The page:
The provisional government was replaced temporarily by a Bolshevik-dominated body of soviets from the main cities called the Soviet of the People’s Commissars (Sovnarkom). It quickly issued two decrees. The first was an appeal to all peoples at war and their governments to begin negotiations for a just and democratic peace. The second was to abolish all private ownership of land pending the decision of the still-to-be-elected constitutional assembly. The emergence of Sovnarkom did not obviate the need for the election of a constituent assembly of parties across the political spectrum to ensure a smooth path to a democratic Russia. The duration of the constituent assembly, which was convened on 18 January 1918, was one day. Surrounded by Bolshevik guards from the Petrograd soviet, it was dissolved with no prospect of reconvening. Leadership of the country was moved irrevocably to a congress of soviets, which was to give birth to the Russian Socialist Federative Republic, a republic directed and controlled by the Bolsheviks under their new name of the Russian Communist Party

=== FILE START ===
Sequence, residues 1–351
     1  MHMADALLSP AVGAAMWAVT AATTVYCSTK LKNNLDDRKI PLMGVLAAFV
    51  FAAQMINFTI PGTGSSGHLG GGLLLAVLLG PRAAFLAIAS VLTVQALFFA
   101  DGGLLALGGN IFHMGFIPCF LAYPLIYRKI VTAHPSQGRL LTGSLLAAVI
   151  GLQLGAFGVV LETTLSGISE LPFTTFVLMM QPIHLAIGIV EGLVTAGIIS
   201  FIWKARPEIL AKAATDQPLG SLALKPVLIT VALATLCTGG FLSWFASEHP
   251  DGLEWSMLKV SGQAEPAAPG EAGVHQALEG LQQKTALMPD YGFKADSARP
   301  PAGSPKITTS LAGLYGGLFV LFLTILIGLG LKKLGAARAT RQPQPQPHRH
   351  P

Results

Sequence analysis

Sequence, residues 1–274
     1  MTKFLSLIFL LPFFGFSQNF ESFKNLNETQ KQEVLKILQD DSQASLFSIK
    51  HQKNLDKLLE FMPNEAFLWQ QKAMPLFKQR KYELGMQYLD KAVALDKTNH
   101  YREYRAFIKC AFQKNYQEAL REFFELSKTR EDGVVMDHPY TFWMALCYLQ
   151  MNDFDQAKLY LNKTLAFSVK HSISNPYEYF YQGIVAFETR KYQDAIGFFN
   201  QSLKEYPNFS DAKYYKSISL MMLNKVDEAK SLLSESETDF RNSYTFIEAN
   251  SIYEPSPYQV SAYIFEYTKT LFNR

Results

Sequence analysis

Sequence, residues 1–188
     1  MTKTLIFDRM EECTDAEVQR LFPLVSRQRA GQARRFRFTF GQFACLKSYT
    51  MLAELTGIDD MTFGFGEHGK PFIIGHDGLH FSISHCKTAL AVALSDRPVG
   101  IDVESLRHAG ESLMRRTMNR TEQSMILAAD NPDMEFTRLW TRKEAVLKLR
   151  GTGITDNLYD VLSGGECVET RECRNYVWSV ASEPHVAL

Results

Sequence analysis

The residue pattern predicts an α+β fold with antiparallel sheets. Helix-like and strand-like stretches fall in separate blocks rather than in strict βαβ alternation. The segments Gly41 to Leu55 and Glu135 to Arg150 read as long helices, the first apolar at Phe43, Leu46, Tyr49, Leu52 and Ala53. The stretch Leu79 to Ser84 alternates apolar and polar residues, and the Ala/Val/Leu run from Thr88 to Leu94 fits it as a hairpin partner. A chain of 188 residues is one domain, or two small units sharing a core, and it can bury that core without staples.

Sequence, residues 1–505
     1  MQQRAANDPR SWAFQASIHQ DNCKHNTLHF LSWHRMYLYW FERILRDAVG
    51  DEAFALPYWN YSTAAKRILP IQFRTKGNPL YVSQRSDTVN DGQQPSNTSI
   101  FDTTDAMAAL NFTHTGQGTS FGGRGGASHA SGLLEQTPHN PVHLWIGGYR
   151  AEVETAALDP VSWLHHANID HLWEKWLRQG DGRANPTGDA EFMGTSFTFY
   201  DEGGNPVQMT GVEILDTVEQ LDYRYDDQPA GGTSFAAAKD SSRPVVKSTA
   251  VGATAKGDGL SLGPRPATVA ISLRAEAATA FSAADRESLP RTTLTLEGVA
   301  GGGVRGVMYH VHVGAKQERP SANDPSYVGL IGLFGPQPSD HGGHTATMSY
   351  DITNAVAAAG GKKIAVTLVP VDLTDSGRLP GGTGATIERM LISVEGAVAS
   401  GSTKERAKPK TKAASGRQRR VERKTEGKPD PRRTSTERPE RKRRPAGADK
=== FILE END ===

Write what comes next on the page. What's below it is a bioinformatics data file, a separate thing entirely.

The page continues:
Throughout the early years of the twentieth century, Lenin had followed Marxist philosophy and had initially accepted the belief that the revolution had to be a transition from autocracy to communism in stages, one such stage being democratic government on an industrial economic base. Contrary to this prediction, in Russia the proletarian revolution had taken place without going through a period of Western style parliamentary democracy. The industrial base on which to build socialism had still to be created. Thus the country embarked on a Marxism turned upside down. Lenin imposed upon the Russian Revolution the particularly Russian scheme of Communism, theoretically known as Marxism-Leninism – a Das Kapital tailored to meet Russia’s needs.
Dairmid Gunn is a vice president of the Scotland-Russia Forum, a charitable organisation dedicated to improving understanding between the two countries through cultural exchanges and contacts of all kinds on a non-political basis. In his career in the Royal Navy he served as a naval attaché in the British Embassy in Moscow in the 1960’s. He is a fluent Russian speaker.